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Bill Belichick: Ryan Mallett now in the 'on-deck circle'

by: Christopher Price on Sun, 09/02/2012 - 4:37pm

 

FOXBORO -- Bill Belichick is a sports fan, so when he was asked Sunday afternoon about how things changed for Ryan Mallett over the weekend, it wasn’t a surprise to hear him use a baseball analogy.

“He’s in the on-deck circle,” Belichick said of Mallett, who was elevated to No. 2 quarterback with the release of Brian Hoyer. “He’s the next guy. ... He’s earned that spot now.”

In a brief conversation in the Patriots’ locker room Sunday before practice, Mallett acknowledged as much, but sounded like a man who’s ready to meet the challenge.

“I have a different role, obviously, than I had last year,” Mallett said. “I’m one snap away now, so I have to be ready.”

Things will change for Mallett now that he has moved up on the food chain. He’ll get more work during the week, and more will be expected of him going forward. While Belichick says the focus and approach when it comes to preparation shouldn’t change, there’s an understanding that things are different now, particularly when it comes to practice reps.

“His position is the same [and] his responsibility is the same, but he’s going to get more opportunities in practice to prepare and he’s closer to being in the game as the backup rather than as the third,” Belichick said.

“Who knows what’s going to happen? He should have prepared last year the way he prepared this year or the way Tom [Tom Brady] prepares as the starter,” Belichick added. “Everybody prepares like they’re going to be in the game, they’re going to play it and we’re going to count on them. Everybody should be doing the same thing as far as that goes. But [Mallett’s] practice opportunities will go up as the second guy as opposed to the third guy, of course.”

While there were several positional battles over the course of the summer, one of the most intriguing was at the backup quarterback position, where Hoyer and Mallett were vying for the job. Hoyer, who was the primary backup to Brady for the last three seasons, appeared to have the inside track when camp kicked off.

But in the eyes of the coaching staff, Mallett improved over the course of the summer, so much so that he was taking the bulk of the snaps toward the end of the preseason. He started two preseason games, and certainly got more work than Hoyer -- after going back and tallying up the preseason snaps, Mallett took 123, while Hoyer finished with 87.

Whether this was a function of Mallett’s surge or the fact that the team already knew what it had in Hoyer is debatable. Regardless, the Patriots really went out of their way to get an extended look at Mallett over the summer, and apparently, they liked what they saw enough to cut ties with their already established backup. Mallett concluded the preseason 33-for-67 for 300 yards, with three touchdowns and one interception. The completion percentage wasn’t where the Patriots would ultimately like it to be -- 60 percent is the baseline for the franchise -- but there were enough flashes there to warrant a promotion for the Arkansas product.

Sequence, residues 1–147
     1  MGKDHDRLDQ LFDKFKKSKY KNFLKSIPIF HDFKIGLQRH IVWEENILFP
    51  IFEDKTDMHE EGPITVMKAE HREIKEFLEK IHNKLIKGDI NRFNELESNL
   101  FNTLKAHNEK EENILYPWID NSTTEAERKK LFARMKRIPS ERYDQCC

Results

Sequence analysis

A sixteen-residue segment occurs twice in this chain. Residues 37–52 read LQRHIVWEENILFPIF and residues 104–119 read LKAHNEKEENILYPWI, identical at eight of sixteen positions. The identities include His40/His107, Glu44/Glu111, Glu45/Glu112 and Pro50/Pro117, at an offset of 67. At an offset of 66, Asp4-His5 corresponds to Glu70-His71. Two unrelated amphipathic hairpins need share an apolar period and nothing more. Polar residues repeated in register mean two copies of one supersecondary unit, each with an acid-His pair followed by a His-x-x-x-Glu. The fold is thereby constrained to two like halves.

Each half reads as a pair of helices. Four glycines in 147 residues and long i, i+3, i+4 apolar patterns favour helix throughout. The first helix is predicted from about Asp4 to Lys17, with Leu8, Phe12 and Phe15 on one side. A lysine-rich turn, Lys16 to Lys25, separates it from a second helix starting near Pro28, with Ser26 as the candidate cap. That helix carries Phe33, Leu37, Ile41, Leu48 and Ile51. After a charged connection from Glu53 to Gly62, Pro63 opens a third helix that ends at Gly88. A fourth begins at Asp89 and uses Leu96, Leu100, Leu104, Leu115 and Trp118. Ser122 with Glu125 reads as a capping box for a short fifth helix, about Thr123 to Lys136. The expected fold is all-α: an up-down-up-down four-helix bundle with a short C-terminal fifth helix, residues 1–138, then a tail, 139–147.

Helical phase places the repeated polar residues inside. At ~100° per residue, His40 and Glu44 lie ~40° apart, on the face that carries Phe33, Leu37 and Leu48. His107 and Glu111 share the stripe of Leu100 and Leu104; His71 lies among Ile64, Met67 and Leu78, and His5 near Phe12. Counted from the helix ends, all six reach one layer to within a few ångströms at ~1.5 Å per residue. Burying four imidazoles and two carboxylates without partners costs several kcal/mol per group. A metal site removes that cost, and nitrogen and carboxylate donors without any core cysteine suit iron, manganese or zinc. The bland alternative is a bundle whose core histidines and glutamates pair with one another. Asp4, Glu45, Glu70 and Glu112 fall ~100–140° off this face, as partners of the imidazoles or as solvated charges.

“I feel more comfortable, but I’m still working just to get all the little things down. That’s what I’m going to continue to do,” Mallett said when asked about his work in the preseason. “I felt better, as opposed to last year, not knowing as much as this year. I felt like I played OK. I still have some improvements I have to make, but I feel a lot more comfortable than last year.”

Mallett’s distinguishing characteristic as a quarterback is his arm strength, and while the New England offense is more about efficiency and horizontal play with short and intermediate routes, when Mallett has had the chance to cut loose, he’s made some impressive throws. While the decision-making can occasionally be questioned, one NFL scout says Mallett “has more arm strength than most quarterbacks in the league.”

“Mallett has exceptional arm talent and the perfect mentor,” said one NFL scout, “and if he can learn how to manage the game and let big plays come to him, he can be successful in that system.”

However, does Mallett’s big arm necessarily mesh with New England’s offensive style?

“It’s going to be interesting to see how the Patriots will take advantage of his arm talent and minimize the risks, if he has to play,” added the scout. “They currently feature an offense based off of the efficiency, accuracy and leadership of Brady, and are more of a stretch the field horizontal team. He can make them a vertical team.”

The quarterback said Sunday morning that when it comes to arm strength, “you just have to know when to use it.” But at the same time, it’s about more than that.

“It’s the decisions you make -- you have to be able to get the ball to them,” he said. “I’m not worried about my arm strength as much as everybody else worries about it. I just worry about decision making -- making the right decisions and getting the ball where it needs to go.”

Mallett takes over the job from Hoyer, and while he’s sad to see Hoyer depart, he’s aware of the reality of the situation.

“It’s a business. You’re sad to see him go; he’s a good friend of mine now. You just have to move on,” Mallett said of Hoyer. “He helped me a lot.”